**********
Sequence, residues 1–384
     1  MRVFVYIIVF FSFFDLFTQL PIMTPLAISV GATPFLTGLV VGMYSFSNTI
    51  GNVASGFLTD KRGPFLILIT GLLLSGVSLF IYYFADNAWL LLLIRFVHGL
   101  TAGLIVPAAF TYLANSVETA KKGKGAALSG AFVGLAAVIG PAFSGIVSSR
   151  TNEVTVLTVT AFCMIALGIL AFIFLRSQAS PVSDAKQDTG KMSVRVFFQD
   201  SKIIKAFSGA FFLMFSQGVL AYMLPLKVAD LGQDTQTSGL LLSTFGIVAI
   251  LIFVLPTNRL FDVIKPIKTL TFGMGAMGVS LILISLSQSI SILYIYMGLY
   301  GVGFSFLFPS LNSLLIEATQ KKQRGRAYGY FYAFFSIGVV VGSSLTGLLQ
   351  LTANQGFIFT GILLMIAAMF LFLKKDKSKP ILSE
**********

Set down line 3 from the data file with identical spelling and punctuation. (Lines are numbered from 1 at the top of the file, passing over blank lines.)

    51  GNVASGFLTD KRGPFLILIT GLLLSGVSLF IYYFADNAWL LLLIRFVHGL